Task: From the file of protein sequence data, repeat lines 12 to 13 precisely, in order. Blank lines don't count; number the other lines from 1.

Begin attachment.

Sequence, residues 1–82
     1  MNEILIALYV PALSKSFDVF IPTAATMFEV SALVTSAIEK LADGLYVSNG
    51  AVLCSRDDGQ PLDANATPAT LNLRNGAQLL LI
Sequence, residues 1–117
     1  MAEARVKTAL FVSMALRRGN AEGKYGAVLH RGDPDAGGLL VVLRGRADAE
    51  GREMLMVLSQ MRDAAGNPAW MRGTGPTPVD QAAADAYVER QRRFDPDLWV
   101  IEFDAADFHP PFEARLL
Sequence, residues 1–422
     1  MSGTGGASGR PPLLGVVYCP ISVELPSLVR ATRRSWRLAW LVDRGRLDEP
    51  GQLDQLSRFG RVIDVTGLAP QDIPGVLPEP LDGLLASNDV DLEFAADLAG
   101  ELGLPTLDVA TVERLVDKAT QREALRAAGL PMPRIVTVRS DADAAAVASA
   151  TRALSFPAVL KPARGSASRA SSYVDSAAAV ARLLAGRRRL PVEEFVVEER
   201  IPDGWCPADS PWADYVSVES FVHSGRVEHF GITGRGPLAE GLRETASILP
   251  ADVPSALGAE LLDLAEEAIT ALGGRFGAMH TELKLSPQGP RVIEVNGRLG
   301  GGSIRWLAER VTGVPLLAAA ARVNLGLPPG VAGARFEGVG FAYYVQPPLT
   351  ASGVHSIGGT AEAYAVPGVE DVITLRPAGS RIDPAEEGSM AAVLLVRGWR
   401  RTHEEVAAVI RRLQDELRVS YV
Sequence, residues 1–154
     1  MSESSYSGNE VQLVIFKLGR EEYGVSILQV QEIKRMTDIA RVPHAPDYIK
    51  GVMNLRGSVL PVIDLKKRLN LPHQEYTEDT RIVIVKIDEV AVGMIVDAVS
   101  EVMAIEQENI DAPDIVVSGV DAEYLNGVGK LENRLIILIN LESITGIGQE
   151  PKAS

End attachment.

   151  TRALSFPAVL KPARGSASRA SSYVDSAAAV ARLLAGRRRL PVEEFVVEER
   201  IPDGWCPADS PWADYVSVES FVHSGRVEHF GITGRGPLAE GLRETASILP